We’ve been critics of the Windows Store from the very start. At release, we were dismayed by the sheer volume of junk apps, and disliked the space-wasting Metro interface. Microsoft made some efforts to fix these problems in Windows 8.1, but the Store remained out of sight (and thus, out of mind) for many users.
Microsoft has attempted to rectify that with Windows 8.1 Update 1 by putting the Windows Store on the Taskbar. It’s the third icon from the Start button, preceded only by Internet Explorer and File Explorer. Though some users might find this to be an annoyance, it can be easily un-pinned, and it gives developers critical eye-share. The Windows Store has to be a valid way for developers to make money if it’s to become a viable way for consumers to find great apps.
That’s just the tip of the iceberg, however. The big change can be found in Windows Search, where relevant Store results will appear automatically. Or, at least, that’s how it’s supposed to work, as demonstrated by Microsoft’s on-stage demo at last week’s Build conference.
We gave it a go by searching for common terms (like “calendar”) and for apps we knew existed. Neither provided search results from the Store. On a hunch, with the Windows Store app open, we hit up Charms-Settings-Preferences, and switched the “Recommend apps for me on this PC” setting to “On.” No dice.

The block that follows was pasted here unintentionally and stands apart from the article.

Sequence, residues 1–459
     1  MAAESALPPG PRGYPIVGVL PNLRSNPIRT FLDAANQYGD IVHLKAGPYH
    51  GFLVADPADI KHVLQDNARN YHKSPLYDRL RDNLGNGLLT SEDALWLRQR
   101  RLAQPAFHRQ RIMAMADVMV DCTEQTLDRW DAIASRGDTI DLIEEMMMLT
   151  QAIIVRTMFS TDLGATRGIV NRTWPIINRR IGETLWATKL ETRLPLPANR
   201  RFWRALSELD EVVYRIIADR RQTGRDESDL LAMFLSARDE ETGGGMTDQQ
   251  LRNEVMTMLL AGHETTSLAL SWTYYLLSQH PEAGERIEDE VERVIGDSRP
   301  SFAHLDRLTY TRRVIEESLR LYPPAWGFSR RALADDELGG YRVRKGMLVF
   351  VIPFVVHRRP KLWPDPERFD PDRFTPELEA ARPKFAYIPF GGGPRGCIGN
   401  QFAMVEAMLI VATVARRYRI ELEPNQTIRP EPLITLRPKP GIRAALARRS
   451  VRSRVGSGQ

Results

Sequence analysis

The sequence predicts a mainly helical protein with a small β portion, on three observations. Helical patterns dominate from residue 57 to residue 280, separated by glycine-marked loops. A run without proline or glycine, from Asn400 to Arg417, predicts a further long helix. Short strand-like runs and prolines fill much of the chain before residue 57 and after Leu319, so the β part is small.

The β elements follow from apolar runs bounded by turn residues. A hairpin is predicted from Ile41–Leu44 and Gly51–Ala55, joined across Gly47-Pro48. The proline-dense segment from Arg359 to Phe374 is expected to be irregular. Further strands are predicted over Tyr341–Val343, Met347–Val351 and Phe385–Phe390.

While the Windows Store changes implemented in Windows 8.1 Update 1 are positive for developers, a key piece is missing; curation. There’s still a lot of trash to sort through. Examples? We’ve got plenty. One of the top apps in the Top Paid section of Social is “Rate My Cleavage,” which costs $2.99. Several front-page security apps are actually re-skins of security software reviews available online. Plus, the vast majority of games are still half-hearted Android and iOS ports.
At least the store no longer contains apps that blatantly infringe on Microsoft’s own copyrights, so it’s heading in the right direction, albeit at a glacial pace.
Users with a Windows 8.1 tablet or touchscreen device will notice that not all of these changes will apply to them. The context-menu features in the Start screen, for example, are not meant to be used on touchscreen devices. Owners of such devices will likely continue to use the old Metro-style menu.
There are a few other extras worth talking about. You can now see recently installed apps highlighted in apps view, boot to desktop is now enabled by default on computers without touch, and “hot corner” features like the Charms bar now require a bit more time before they activate, which reduces the chance that you’ll accidentally trigger them.
That last change is the one we appreciate most. Laptop users navigating via touchpad should be particularly pleased by it, as touchpads have a bad habit of causing unintended hot corner activation.
The changes made by Windows 8.1 Update 1 are mostly positive. The only potential issue we can see stems from Store apps appearing in Search, which may annoy some. However, since that feature wasn’t working when we went hands-on, we don’t know if there might be an option to turn it off.
Yet, Microsoft’s pace remains frustratingly slow. Most of these features are incredibly minor changes that should have taken only a few weeks to implement. Bundling them together and calling it “Windows 8.1 Update 1” borders on the absurd. Metro on the desktop still leaves something to be desired. Users still have to deal with it to change many settings. The Store still has too many junk apps, and so on.
In other words, Windows 8.1 is still Windows 8.1. Users who liked it at release still will; users who didn’t still won’t.